Sexually abused girls are more likely to engage in risky sexual behaviors, which can lead to substance abuse and running away (and juvenile justice involvement).

Fact sheet prepared by Dr. Lyle Micheli and the faculty of the Division of Sports Medicine at Children’s Hospital Boston:

Girls who play high school sports significantly outperform non-athletic girls in academic subjects such as science and math that tend to be dominated by boys. This suggests participating in sports gives girls the confidence to participate on a more equal footing in the classroom with boys.

Girls who are active also tend to be more optimistic, which has a direct bearing on motivation, and therefore achievement.

In a recent study, 80 percent of female Fortune 500 executives identified themselves as former “tomboys.”

Experts believe that it is not just enhanced fitness that improves girls’ emotional and psychological health, but also the very act of participating in sports that is empowering.

Girls who are athletes are also less likely to smoke or to have eating disorders.

Facts about sexual abuse and trauma
About 1 in 4 teens reports verbal, physical, emotional or sexual abuse each year.
About 1 in 5 High School girls has been physically or sexually abused by a dating partner.
38% of girls are sexually abused before the age of 18.
90-95% of sexual abuse cases go unreported to the police.
In most sexual abuse cases, the child knows the abuser.
Nearly 80% of girls who have been physically abused in their dating relationships continue to date their abuser.
About 1 in 5 teens reports being a victim of emotional abuse.

Honestly, how can you read those statistics and not think, “What can I do to make a difference?” Even if you question the source or the totals, how can you know there are these situations and not want to improve life for these kids?

It’s true Girls with Sole isn’t the only organization focusing on young girls. This organization is home-base for me though. I’ve run next to their founder on our trails and I can’t express how proud I am of her for doing this and to have seen it grow over the years. Two of my teams support her too, Grunt Girl Racing and Cleveland West Road Runners Club, showing again the ties they have to the community.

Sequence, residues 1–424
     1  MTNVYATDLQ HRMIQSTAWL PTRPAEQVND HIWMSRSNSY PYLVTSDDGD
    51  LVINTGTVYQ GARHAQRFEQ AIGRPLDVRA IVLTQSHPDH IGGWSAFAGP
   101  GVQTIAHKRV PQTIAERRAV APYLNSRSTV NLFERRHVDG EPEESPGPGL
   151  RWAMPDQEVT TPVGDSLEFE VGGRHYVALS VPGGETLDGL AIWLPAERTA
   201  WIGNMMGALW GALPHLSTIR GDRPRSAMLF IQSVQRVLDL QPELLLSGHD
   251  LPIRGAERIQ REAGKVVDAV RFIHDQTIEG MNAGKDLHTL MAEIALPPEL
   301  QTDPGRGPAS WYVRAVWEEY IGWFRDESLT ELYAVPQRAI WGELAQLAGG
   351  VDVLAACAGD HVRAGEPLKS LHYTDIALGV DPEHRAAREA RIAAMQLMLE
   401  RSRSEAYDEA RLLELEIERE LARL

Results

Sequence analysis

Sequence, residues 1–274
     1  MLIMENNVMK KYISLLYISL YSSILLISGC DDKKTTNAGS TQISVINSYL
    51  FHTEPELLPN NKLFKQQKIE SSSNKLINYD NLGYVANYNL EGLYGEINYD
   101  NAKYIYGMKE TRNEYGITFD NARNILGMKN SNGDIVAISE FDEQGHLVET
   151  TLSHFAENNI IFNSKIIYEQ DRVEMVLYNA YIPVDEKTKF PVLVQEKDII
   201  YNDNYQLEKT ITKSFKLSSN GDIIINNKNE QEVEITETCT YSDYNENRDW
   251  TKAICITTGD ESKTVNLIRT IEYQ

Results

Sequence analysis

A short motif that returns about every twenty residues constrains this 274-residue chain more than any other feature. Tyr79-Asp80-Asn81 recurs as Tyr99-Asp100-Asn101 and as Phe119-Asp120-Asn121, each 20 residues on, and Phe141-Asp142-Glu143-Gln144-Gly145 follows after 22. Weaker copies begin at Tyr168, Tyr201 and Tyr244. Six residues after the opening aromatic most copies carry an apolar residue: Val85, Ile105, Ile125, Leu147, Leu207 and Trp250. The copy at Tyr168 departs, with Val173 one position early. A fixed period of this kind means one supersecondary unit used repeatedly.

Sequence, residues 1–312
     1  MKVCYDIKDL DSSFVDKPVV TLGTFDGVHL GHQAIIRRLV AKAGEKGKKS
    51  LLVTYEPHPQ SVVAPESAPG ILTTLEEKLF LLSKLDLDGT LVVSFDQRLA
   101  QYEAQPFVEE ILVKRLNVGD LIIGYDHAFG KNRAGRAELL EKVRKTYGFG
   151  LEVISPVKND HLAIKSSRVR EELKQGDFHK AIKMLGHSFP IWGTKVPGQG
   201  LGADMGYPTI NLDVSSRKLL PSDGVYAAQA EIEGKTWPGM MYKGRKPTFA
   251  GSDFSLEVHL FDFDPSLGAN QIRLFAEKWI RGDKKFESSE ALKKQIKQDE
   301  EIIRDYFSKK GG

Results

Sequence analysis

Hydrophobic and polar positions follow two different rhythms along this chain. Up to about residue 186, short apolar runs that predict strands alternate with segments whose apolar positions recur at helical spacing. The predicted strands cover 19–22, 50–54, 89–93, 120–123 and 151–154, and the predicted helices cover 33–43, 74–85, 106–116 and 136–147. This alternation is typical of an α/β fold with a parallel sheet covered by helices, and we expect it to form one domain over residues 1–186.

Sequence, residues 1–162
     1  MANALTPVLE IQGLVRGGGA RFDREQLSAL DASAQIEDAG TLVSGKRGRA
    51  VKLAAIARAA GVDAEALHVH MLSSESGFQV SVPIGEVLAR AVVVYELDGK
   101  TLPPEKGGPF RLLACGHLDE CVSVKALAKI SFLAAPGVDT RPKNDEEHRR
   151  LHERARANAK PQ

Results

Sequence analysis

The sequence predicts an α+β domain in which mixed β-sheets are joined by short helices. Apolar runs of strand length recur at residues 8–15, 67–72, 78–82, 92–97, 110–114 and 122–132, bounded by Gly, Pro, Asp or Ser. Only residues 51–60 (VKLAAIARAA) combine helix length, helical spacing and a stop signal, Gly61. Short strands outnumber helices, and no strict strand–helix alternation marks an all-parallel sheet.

Which is why when I saw a challenge on Swanson Vitamin’s blog I knew immediately the organization I wanted to promote.

Swanson Health Products Contests

Regardless of any contest, I hope those in my area consider supporting the organization, the girls, and the events they put on each year. Make sure to ask to join their Facebook group for any new information and in the meantime … there are many, many ways you can help, for example:

If you go to the donation page, you can make a direct one time donation, using PayPal, MasterCard, VISA, Discover, American Express or your bank account!

You can join Team LULA (Lacing Up for a Lifetime of Achievement) and have your activities be fundraisers. You can bike, swim, run or whatever.

Does your company do an annual charity drive or take part in United Way? Consider designating GWS as your featured group.

Donate a new pair of running shoes or volunteer as a coach.

Hey! You can even send a charity gift card in honor of someone in your life as their holiday gift.

With all the options and information out there, I am sure everyone can find something good about this organization and a way to help Liz continue the amazing work she started.

4 thoughts on “Girls with Sole

  1. GWS is awesome! I was a coach for a while, but then my program got cancelled and I couldn't make it to any of the others. So great 🙂 Glad to see the word about GWS is spreading!

  2. Pingback: Finish Line Feeling | ROJ Running